In recognition of nature’s potential – and the need to replace drugs that have become ineffective by emerging resistance – several large-scale plant screenings were performed in the 1960s and 1970s. During this time, The American Cancer Institute (NCI) sponsored an extensive program screening about 35 000 plant species for anticancer activity which led to the discovery of taxol (paclitaxel) from the Pacific Yew tree, Taxus brecifoli. Later, another anticancer agent, docetaxel, was isolated from the European Yew, Taxus baccata. Today, the taxanes are one of the most powerful classes of compounds among all chemotherapeutic drugs, exhibiting a wide range of activity and are of special benefit in fighting metastatic breast, ovarian and lung cancer.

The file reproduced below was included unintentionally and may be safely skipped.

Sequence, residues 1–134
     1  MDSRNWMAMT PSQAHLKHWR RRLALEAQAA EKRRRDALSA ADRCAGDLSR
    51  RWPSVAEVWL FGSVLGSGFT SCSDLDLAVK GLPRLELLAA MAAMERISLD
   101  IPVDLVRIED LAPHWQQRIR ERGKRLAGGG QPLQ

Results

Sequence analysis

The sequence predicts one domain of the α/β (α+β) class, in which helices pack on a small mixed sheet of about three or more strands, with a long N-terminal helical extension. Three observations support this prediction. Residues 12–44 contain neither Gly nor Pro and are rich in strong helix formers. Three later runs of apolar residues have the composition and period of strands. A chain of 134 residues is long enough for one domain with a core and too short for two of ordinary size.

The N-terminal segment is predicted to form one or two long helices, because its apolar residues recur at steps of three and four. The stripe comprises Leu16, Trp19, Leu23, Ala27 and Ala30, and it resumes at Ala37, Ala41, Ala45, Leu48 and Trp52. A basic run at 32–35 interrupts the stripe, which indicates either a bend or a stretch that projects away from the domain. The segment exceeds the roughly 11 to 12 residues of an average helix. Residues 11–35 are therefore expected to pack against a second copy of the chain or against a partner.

Other natural compounds, in particular the vinca alkaloids from the periwinkle plant, Vinca rosea, are well known cytostatics. The introduction of high-throughput synthesis and combinatorial chemistry in recent years has led to a decline in the screening of natural products by the pharmaceutical industry, which is now considered as a premature decision. In a call for ‘back to the future’ the advantage of using ‘crude’ botanical extracts has been emphasized as opposed to the standard approach which has been to isolate, synthesize and administer the single chemical compound thought to be responsible for the effect of the extract. The different components in a botanical may have synergistic activities and the presence of multiple compounds in an extract can buffer the toxic effects of a single constituent. The present study aimed to discover such a botanical extract, which we believe has been obtained by the extract of Inula helenium.